Article

IT veterans' wish list for 2006

Matt Stansberry

Robert Rosen, president of the mainframe user group SHARE, spends a lot of time listening to IT pros in the trenches.

This year Rosen decided to write down the wants and needs of his members and came up with a list of the overarching concerns among IT pros. This is a sampling of SHARE's wishes for 2006.

Real relief from the abuse of IP-based applications. Problems like e-mail abuse by spam, phishing, viruses; abuse by instant messaging and spam over IM; and peer-to-peer file sharing are eating away at IT efficiency. Rosen said SHARE members aren't looking for more bolt-on solutions like spam filters, but real progress toward a network protocol environment that provides accountability without compromising confidentiality.

Robert Rosen, SHARE President

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"People are spending so much time and money on patchwork solutions for these problems. It's non-productive," Rosen said.

According to Rosen, Internet service providers (ISPs) have to be willing to take responsibility for what's going out on their systems -- something they haven't been willing to do.

"That would be a huge first step. If ISPs would jump in with both feet, they could kill a lot of this," Rosen said. "When I get the numbers for the amount of viruses, attacks and spam that are coming into my organization, it makes me wonder how much of our bandwidth is being eaten up by this. Fifty percent? It's an astronomical number, a waste of resources."

Easier use of open source software. SHARE wants IT vendors to make open source enterprise-worthy in installation, operation and management -- for example, a Linux distribution that correctly installs with all drivers (including video and audio) perfect out of the box. Members said a good flash drive version of Linux would be nice, too.

"This is an issue that is getting higher on everyone's list," Rosen said. "We'd all be ready to jump on open source if it weren't for the issues with drivers and management functions. All of the people who want to follow best practices protocols like IT Infrastructure Library can't get into open source for the enterprise."

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According to Rosen, SHARE members think that Linux vendors are moving in the right direction, but the technology still has some growing up to do.

Easier server consolidation. After a few years of unabated growth in the server farms, the cost of maintaining software and hardware upgrades necessitates consolidation. Rosen said people are consolidating now with virtualization and more powerful machines, but it takes sophisticated skills to achieve those goals.

"It takes a lot of skill," Rosen said. "IT people don't want to spend a lot of brain power doing this. It needs to be simpler."

But according to Rosen, SHARE members need to get consolidation projects underway. Many are facing real problems with environmental issues. More demand equates to more servers, more density, more cooling and more power.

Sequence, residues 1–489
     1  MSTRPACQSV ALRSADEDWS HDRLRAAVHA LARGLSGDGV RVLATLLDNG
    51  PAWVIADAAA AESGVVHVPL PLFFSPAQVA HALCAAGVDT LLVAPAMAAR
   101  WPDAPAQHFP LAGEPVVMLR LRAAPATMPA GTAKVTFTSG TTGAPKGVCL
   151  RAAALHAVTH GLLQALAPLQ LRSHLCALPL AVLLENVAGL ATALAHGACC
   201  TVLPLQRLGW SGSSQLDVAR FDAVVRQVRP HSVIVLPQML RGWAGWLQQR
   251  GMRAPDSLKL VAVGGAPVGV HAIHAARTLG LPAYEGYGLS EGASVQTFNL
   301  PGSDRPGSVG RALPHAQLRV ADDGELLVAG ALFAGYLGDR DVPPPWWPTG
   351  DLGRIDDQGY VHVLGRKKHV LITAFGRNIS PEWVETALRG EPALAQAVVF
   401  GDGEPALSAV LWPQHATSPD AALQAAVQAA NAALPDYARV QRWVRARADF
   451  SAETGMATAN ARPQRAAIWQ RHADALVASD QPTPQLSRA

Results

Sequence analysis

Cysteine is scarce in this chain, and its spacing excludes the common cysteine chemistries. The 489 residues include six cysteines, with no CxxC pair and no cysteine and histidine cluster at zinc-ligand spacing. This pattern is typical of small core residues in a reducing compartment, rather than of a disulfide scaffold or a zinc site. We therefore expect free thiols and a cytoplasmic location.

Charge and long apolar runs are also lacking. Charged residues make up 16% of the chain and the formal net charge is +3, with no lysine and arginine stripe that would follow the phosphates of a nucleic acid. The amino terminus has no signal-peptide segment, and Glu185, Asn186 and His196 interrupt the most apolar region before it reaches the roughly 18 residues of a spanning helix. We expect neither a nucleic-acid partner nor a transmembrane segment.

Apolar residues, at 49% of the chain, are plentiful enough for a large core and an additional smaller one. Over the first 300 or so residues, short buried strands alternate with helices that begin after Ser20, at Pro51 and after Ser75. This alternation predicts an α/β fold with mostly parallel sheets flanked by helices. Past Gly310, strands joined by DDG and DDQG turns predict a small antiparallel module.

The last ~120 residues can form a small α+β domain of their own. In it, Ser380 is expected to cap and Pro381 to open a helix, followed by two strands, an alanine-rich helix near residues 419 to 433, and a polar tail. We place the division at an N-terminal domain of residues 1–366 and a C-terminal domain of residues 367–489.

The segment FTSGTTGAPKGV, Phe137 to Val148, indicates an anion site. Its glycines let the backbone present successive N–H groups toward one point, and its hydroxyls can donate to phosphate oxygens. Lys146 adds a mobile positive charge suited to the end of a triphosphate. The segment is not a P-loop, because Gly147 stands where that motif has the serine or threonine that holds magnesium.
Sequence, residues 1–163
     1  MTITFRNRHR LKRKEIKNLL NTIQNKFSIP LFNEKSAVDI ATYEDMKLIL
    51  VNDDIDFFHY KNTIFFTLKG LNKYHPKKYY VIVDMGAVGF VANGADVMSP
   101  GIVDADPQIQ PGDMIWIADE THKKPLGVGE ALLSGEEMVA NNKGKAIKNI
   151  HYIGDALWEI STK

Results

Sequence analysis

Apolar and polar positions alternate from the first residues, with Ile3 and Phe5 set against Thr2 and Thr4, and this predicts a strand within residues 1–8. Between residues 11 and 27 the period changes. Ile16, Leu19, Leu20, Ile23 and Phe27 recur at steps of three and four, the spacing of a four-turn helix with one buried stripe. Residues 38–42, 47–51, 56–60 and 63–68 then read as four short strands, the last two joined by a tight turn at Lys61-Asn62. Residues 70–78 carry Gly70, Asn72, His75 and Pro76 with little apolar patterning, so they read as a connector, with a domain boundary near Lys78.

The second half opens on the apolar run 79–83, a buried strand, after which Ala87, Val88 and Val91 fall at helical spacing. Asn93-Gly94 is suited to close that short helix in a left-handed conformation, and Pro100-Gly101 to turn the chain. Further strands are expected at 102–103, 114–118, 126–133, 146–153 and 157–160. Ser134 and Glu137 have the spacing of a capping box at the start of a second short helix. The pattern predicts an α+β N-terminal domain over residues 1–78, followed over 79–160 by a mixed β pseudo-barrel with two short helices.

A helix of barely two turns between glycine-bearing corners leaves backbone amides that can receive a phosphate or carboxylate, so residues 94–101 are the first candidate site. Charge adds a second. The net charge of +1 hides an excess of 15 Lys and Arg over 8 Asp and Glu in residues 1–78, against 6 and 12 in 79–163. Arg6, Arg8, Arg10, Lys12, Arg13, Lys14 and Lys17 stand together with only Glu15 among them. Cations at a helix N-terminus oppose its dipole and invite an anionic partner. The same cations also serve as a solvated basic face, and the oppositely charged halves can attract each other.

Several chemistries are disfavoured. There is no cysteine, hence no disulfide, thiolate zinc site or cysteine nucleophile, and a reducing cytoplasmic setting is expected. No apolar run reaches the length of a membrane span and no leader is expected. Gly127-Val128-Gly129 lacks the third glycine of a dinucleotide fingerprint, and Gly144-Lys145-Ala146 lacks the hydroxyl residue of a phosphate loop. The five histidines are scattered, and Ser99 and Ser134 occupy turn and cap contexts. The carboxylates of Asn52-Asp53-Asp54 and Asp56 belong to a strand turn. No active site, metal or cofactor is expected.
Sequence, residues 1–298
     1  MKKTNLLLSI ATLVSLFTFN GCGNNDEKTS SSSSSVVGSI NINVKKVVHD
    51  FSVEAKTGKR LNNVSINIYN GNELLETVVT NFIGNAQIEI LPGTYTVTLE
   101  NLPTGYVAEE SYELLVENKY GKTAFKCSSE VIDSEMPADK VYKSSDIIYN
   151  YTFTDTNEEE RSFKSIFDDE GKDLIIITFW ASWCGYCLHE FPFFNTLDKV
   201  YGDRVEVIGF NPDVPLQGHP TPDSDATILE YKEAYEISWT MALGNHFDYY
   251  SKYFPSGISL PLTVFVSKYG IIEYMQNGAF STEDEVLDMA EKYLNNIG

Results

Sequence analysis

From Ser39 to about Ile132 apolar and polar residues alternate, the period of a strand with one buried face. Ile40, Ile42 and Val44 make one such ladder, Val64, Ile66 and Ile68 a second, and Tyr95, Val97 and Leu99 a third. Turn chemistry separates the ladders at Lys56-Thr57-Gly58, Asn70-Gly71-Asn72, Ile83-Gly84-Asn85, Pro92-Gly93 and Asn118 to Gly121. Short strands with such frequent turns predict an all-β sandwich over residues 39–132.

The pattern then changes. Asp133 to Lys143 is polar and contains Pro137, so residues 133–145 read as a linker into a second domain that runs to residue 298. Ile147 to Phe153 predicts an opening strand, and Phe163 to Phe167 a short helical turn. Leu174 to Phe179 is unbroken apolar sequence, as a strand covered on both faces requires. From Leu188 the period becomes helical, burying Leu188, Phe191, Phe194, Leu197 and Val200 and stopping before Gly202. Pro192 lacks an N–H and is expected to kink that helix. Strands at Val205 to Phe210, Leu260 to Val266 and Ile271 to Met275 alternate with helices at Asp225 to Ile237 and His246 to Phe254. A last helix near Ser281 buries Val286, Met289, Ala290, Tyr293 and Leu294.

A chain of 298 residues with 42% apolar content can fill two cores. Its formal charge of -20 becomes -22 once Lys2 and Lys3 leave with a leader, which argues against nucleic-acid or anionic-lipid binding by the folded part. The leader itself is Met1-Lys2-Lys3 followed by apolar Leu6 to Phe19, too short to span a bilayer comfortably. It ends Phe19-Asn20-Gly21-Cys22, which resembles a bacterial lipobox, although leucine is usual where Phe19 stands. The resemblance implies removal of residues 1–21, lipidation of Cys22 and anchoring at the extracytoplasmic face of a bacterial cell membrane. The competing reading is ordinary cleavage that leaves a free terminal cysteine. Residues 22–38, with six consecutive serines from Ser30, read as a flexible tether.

"The cost curve is increasing exponentially," Rosen said.

Proof of value and easier implementation of service-oriented architecture (SOA). Rosen said IT pros want examples of successful SOA implementations by real people, sharing the benefits and, more importantly, the pitfalls of SOA. There are a lot of technologies out there, but not a lot of success stories.

"Everyone has a gut feeling that SOA is really important. But IT people are asking for a business case to sell to the higher ups," Rosen said. "It's really a sign that IT has evolved, the fact that IT is asking for a business case. IT is more business-like now. It's not just nerds in white coats."

A breather to fully incorporate and absorb all the changes IT pros are dealing with. Rosen said IT pros have been under more stress than ever, thanks to the onslaught of new technologies, the push for IT to do more with less and compliance pressures.

"Every e-mail has to be captured and archived now," Rosen said. "According to the law, you're supposed to even capture instant messaging. And then you're running into storage issues because you have to keep it all."

In addition to these wishes, SHARE came up with many more, including:

  • Improvements in heterogeneous, federated identity management.
  • Standards-based distributed file system that is scalable, high performance, secure, manageable, referenced by a single name space.
  • Truly interoperable calendaring capabilities, allowing for easy collaboration among colleagues at different organizations. This should include reliable, standards-based, synchronization with PDAs, cell phones and other calendars.
  • Much better batteries so that battery-powered devices could run for days without a recharge.
  • A simple to implement, secure shell version of remote desktop for corporate access from the Internet.
  • Free wireless access at all airports.
  • More cooperation between vendors and research institutions in ways that enable cooperative initiatives for early testing of new technologies.
  • Intelligent use of Digital rights management -- in other words, not like Sony.
  • Integrating new things, such as RSS, podcasts and blogs into the standard way companies run their businesses.
  • Next generation electronic newspaper -- a device that is large enough for anyone to read that is flexible and has intelligence to subscribe, pay for and store for offline reading of news feeds and documents.
  • Increased attendance at SHARE conferences, as more people recognize the value of learning from people in the trenches.

    Let us know what you think about the story; e-mail: Matt Stansberry, News Editor


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